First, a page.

Neil Gaiman (Coraline, Stardust) has a lovely poem about the world ending called The Day the Saucers Came that involves an alien invasion, the reanimation of legions of the undead, Viking Ragnarok, angels, time machines, an artificial intelligence uprising and many, many more end-of-days scenarios all hitting at once. Basically, it's the apocalypse to end all apocalypses.
Were anyone to ever turn The Day the Saucers Came into a movie, it might look a little something like Zach Prewitt's supercut of apocalypse movies.
Normally I grow tired watching supercuts. A minute or so in I just start to wonder how someone ever found the time and patience to cut together very specific moments from hundreds of movies just to highlight different people doing the same thing over and over again. That problem never came up with Prewitt's "SUPERCUT: Apocalypse." Maybe it's just because I am such a sucker for movies about the end of the world, but I think it has more to do with this only utilizing about two-dozen movies to show the spectacular downfall of mankind.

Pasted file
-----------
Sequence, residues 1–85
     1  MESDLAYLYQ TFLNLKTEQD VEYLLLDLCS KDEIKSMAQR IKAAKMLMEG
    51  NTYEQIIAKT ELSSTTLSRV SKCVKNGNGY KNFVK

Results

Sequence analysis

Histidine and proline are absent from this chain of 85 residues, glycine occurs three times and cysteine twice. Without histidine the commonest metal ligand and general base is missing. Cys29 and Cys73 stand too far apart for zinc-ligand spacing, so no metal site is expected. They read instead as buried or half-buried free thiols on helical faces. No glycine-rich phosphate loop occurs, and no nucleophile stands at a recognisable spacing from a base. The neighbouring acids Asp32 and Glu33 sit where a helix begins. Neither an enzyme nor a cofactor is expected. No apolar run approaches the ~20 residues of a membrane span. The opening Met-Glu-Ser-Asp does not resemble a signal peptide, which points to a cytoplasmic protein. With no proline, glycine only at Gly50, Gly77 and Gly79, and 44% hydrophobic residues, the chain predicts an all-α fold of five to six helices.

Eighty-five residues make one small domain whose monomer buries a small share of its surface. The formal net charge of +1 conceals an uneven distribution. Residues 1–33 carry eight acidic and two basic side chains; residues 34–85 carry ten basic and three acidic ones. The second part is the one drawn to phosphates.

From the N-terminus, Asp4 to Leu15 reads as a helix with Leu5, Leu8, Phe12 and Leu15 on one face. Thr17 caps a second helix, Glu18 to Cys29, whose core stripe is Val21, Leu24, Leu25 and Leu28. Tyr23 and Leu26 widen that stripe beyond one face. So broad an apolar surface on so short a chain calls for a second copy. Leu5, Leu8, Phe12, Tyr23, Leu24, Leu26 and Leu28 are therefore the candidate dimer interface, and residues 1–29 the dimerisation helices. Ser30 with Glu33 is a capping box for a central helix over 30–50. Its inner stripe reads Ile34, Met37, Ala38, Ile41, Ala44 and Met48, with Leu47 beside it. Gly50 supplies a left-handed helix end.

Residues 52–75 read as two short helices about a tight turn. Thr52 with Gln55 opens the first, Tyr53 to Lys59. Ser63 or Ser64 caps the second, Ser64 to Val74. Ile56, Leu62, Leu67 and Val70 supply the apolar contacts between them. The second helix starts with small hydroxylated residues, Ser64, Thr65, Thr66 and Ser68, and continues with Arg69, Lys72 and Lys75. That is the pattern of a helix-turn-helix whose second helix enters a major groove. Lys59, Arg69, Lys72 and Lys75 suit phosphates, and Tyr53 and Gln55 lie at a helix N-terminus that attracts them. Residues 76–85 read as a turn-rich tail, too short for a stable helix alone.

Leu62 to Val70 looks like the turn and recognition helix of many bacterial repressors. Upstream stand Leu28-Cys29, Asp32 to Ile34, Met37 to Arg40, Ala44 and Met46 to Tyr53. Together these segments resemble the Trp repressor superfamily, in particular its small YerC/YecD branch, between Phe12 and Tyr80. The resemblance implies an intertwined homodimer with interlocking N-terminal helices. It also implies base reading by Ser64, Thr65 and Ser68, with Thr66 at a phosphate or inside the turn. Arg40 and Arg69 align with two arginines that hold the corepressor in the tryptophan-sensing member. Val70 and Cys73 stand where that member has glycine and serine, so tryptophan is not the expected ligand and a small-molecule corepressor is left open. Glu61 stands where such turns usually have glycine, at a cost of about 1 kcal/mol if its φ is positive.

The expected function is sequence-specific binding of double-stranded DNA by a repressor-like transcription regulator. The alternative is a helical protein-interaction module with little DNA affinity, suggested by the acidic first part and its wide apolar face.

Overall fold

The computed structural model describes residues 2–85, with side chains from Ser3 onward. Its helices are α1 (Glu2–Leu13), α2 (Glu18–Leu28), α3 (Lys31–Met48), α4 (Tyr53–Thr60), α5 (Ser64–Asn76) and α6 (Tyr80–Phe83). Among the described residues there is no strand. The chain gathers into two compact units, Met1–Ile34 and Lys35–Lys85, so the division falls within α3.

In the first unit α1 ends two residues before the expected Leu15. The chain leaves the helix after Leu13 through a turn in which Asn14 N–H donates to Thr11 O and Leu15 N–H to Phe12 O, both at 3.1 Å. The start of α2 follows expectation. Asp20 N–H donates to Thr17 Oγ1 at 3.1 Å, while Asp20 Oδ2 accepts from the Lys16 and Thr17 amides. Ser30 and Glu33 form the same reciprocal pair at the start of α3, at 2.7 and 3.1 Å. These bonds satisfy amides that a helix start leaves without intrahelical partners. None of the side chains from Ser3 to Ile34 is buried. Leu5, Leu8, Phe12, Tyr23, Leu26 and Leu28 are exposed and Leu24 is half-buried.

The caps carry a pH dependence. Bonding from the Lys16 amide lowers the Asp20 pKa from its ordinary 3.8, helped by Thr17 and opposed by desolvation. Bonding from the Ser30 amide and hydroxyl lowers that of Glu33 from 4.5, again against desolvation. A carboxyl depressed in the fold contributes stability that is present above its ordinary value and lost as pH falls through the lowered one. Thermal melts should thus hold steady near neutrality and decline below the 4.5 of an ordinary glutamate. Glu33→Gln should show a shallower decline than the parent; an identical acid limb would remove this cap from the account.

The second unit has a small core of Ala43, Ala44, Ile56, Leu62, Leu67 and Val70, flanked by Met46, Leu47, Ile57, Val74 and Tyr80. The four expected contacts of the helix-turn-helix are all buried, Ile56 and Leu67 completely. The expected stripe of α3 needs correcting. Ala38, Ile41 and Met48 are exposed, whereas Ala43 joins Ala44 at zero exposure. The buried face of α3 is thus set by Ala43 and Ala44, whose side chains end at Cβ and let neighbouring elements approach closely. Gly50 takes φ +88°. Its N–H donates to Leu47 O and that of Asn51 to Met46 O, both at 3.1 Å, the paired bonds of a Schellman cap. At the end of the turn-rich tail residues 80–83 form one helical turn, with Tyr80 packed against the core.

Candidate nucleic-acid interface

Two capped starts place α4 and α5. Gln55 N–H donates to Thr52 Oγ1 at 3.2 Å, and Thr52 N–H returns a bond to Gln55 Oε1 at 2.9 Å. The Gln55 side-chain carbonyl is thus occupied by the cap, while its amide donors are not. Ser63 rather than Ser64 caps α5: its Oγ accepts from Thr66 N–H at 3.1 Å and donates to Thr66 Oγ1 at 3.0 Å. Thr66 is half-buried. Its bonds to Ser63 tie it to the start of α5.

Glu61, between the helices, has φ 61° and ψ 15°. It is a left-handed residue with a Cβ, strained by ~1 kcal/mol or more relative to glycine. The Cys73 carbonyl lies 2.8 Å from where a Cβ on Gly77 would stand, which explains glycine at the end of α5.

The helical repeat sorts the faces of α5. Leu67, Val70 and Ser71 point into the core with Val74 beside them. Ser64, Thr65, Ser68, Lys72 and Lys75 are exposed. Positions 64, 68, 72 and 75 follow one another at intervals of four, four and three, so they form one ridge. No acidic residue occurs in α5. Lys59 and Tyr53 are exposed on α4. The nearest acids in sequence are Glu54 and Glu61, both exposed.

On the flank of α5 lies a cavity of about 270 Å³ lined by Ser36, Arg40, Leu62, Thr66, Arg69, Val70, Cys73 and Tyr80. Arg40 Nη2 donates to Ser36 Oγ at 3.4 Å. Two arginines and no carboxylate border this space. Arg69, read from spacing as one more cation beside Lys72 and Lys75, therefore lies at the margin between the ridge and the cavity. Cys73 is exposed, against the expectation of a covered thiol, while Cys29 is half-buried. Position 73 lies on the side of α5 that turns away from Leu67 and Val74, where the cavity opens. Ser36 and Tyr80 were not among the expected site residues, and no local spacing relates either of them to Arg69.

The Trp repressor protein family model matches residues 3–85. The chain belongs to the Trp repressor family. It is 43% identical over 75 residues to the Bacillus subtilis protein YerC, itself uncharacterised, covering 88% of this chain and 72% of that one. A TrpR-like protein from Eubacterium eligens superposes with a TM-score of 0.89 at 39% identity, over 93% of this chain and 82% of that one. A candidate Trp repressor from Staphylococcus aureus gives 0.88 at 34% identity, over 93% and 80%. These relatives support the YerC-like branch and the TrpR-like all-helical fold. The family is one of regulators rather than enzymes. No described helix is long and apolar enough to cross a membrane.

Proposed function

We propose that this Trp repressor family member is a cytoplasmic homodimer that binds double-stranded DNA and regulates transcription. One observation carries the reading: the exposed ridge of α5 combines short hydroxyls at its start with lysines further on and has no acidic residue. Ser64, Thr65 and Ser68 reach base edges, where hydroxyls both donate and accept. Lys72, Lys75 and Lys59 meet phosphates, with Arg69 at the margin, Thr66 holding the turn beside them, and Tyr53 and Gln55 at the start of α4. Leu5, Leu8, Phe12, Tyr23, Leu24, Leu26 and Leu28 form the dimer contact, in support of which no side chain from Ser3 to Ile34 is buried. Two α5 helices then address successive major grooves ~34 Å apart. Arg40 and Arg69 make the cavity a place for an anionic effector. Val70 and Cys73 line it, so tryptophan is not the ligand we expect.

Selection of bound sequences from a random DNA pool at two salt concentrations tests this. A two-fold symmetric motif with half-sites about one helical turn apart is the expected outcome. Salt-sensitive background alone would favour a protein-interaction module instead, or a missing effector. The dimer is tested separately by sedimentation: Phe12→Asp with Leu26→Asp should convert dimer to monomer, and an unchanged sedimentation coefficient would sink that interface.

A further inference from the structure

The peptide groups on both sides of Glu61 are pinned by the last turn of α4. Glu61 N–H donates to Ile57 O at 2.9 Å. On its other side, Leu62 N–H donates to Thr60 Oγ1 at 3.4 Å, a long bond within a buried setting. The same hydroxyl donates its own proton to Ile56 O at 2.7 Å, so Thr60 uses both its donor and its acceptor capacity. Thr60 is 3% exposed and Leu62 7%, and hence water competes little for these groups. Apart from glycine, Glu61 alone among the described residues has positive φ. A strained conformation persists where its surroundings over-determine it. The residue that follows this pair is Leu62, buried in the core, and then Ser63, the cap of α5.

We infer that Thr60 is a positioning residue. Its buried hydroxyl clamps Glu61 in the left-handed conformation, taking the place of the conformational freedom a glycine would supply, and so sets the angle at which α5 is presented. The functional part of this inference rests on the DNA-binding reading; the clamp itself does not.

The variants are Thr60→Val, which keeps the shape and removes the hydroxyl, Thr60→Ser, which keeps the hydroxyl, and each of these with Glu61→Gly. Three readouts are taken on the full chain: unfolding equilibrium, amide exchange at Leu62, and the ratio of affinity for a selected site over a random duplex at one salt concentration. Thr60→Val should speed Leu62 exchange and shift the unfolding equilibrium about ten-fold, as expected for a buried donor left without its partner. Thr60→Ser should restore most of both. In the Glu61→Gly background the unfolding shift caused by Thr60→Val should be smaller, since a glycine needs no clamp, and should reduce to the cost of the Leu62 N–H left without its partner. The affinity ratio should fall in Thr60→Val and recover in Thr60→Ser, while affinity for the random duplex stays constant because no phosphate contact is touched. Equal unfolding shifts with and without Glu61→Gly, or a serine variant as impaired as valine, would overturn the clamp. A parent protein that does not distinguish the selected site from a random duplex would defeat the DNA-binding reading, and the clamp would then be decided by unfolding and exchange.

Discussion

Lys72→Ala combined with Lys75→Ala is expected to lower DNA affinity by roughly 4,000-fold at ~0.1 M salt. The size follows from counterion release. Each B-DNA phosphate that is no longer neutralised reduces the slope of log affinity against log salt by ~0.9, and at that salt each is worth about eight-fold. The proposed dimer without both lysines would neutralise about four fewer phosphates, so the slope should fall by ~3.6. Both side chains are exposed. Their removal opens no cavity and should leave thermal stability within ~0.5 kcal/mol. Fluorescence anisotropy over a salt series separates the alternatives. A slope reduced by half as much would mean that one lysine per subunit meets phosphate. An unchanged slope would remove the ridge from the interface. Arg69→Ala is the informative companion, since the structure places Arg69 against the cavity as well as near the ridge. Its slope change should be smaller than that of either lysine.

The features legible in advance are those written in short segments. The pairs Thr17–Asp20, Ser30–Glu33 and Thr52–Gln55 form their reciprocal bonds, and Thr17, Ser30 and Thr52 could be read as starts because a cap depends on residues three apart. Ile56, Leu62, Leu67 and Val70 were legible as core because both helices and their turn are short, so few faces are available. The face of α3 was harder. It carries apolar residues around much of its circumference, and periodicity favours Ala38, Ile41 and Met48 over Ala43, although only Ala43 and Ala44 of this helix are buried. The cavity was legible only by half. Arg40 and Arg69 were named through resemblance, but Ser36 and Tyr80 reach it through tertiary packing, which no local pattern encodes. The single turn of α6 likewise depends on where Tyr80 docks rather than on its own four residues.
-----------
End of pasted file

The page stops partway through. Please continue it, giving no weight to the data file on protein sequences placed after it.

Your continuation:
Having said that, he's still missing a few scenarios that would have fit in nicely. What about the human-eating plants of Day of the Triffids? Or the chest-crushing, point-of-no-recovery Melancholia? Still, enjoy this calm and cool look at all the ways the movies turn the demise of humanity into glorious spectacle.
Also, here's Gaiman reading The Day the Saucers Came: